Visually Grounded Continual Learning of Compositional Phrases

Xisen Jin, Junyi Du, Arka Sadhu, Ram Nevatia, Xiang Ren, EMNLP 2020 (To appear).


VisCOLL proposes a problem setup and studies algorithms for continual learning and compositionality over visual-linguistic data. In VisCOLL, the model visits a stream of examples with an evolving data distribution over time and learn to perform masked phrases prediction. We create COCO-shift and Flickr-shift (based on COCO-captions and Flickr30k-entities) for study. Check our data explorer for more details.

Study of Continual learning

Vanilla training over an evolving data stream causes catastrophic forgetting of previous knowledge - continual learning (CL) algorithms are required for success in VisCOLL. Besides, in VisCOLL, data distributions evolve gradually over time and we assume no knowledge of task identity (which is closer to the real-world scenario), the continual learning algorithms should not rely on "task boundaries" or "task identities". We find VisCOLL is challenging for existing continual learning algorithms. The figure below compares CL algorithms, exemplified with four tasks: x-axis is the number of training examples visited and y-axis is the perplexity. The gray-shaded regions show the task distribution in the stream. We show existing CL algorithms do not differ significantly in performance given an equal size of replay memory. Check our Leaderboard for more information.

Study of Compositionality

Generalization to novel compositions - Compositonal Generalization

To measure compositionality captured by models, in addition to a regular test set, we evaluate model performance on the compositional test split of COCO-captions dataset by Nikolaus et al. 2019, which consists of novel noun-adjective and noun-verb pairs. We compare this performance with that of seen compositions sharing the same set of atomic words in the regular test set. Our methods show compositional generalization is challenging for all methods. The figure below shows the perplexity of seen and novel noun-verb and noun-adjective compositions compared between methods.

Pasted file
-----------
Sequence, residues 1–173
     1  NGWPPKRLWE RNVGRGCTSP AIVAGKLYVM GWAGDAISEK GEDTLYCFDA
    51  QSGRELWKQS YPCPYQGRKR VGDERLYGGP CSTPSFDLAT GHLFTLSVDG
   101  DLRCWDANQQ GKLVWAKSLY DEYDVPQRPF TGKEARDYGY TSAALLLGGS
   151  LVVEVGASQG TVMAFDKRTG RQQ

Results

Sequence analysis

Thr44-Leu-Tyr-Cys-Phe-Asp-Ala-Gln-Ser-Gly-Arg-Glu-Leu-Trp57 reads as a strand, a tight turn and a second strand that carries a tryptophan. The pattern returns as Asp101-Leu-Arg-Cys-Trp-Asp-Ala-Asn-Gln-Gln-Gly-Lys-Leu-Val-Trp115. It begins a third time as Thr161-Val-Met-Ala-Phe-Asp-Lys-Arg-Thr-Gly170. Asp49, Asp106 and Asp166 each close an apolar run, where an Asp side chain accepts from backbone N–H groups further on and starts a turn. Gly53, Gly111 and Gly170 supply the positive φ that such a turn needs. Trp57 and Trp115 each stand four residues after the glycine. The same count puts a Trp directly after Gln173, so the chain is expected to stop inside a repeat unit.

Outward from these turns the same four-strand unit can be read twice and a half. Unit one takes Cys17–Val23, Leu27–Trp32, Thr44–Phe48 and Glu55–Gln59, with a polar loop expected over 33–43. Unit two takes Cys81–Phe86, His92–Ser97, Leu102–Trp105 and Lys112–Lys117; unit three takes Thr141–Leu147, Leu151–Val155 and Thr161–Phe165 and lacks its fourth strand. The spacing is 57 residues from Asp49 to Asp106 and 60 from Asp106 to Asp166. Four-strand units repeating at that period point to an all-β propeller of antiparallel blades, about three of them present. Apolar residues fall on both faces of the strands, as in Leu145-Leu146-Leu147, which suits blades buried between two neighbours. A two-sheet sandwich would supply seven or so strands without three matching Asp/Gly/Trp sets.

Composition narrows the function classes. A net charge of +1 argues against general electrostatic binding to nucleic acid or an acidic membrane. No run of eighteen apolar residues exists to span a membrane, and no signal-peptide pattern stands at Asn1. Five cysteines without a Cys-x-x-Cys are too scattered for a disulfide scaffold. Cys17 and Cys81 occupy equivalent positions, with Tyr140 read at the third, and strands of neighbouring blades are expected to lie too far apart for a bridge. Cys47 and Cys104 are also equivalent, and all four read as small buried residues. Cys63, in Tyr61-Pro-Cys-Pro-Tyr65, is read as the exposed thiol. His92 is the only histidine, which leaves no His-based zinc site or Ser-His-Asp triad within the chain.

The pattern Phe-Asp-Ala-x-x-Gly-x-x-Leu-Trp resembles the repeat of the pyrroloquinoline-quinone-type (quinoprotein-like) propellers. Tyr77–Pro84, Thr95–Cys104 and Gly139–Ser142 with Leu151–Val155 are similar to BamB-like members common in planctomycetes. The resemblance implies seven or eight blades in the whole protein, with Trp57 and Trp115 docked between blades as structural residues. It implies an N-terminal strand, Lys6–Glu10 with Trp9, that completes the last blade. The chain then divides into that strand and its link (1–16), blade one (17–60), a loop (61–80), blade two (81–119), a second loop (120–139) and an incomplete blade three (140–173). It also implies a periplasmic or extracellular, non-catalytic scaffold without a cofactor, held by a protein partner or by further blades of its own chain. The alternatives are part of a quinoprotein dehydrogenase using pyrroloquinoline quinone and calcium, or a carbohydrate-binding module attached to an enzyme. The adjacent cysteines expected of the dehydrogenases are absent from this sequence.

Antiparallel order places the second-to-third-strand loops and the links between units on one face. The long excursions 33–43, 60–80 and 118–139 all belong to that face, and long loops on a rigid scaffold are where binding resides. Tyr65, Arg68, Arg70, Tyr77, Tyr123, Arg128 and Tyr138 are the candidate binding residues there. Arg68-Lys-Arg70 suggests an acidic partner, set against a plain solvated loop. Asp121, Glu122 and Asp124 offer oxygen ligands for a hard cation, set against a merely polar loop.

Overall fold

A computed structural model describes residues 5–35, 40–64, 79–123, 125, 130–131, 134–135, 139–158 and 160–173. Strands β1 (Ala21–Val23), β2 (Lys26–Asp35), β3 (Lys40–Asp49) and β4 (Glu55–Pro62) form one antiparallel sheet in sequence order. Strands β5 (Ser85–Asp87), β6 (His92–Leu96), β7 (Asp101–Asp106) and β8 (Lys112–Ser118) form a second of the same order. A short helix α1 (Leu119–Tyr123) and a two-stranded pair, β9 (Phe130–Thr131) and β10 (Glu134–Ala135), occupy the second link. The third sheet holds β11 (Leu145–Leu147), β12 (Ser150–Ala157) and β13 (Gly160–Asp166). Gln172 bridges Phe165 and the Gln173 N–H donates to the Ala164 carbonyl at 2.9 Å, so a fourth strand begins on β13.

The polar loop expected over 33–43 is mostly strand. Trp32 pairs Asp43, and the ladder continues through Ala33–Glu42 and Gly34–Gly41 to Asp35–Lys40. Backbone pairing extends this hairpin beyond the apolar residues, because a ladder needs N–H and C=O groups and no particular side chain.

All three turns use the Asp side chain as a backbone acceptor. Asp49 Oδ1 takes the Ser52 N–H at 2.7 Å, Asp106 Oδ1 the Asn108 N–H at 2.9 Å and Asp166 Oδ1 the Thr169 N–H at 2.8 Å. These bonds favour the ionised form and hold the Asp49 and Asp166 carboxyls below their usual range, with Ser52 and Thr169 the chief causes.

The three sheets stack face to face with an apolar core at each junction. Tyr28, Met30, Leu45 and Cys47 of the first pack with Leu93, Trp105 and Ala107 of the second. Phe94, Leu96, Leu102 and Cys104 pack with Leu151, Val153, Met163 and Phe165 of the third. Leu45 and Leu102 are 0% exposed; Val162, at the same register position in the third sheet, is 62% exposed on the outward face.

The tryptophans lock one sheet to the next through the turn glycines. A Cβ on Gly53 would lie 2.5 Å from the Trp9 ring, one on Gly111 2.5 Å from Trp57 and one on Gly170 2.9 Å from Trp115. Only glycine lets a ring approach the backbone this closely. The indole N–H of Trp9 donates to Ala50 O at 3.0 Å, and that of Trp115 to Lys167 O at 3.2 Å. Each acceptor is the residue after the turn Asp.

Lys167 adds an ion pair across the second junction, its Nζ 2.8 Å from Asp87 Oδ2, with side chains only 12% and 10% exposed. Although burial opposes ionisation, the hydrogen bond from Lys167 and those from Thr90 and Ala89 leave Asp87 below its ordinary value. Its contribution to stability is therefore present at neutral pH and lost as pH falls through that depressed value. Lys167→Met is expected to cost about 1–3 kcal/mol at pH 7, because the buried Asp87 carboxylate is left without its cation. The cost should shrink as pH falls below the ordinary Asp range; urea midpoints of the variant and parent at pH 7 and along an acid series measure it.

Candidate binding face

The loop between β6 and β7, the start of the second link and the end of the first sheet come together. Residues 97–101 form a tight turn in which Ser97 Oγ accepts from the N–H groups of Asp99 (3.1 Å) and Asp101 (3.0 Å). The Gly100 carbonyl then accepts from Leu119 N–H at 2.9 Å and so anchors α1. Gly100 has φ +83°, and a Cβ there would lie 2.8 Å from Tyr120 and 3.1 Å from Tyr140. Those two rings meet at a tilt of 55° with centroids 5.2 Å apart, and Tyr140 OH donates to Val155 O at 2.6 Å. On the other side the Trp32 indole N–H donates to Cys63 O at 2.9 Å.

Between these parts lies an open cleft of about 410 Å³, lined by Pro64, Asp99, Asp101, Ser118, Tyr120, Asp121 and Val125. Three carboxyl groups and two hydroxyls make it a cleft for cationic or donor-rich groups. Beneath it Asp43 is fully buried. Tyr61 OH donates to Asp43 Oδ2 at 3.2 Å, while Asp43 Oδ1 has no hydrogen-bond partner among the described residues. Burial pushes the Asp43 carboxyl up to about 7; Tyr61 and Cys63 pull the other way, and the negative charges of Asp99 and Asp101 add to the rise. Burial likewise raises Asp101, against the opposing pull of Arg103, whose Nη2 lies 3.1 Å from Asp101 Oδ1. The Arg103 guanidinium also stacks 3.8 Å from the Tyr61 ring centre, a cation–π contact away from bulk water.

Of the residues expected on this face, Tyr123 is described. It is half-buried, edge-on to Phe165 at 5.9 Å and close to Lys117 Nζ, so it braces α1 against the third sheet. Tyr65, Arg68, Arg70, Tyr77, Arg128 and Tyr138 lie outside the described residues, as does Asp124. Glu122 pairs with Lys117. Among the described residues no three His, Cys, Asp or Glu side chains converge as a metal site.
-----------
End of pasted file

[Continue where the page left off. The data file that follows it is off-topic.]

Performance on old seen compositions

We study performance on compositions sharing the same nouns but with different verbs/adjectives. Our analysis shows the performance drop largely depends on the verbs/adjectives used in the compositions, despite their marginal distributions are close to uniform over time. In the figure below, x-axis is the number of training examples visited and y-axis is the perplexity (lower is better) of the verb/adjective. The sharp gray-shaded regions are for the noun, while the light-blue regions near x-axis are for the adjectives. The performance drop on predicting “black” in the composition “black dog” is relatively small compared to predicting “big” in “big dog”.

To cite us

    title={Visually Grounded Continual Learning of Compositional Phrases},
    author={Xisen Jin and Junyi Du and Arka Sadhu and R. Nevatia and X. Ren},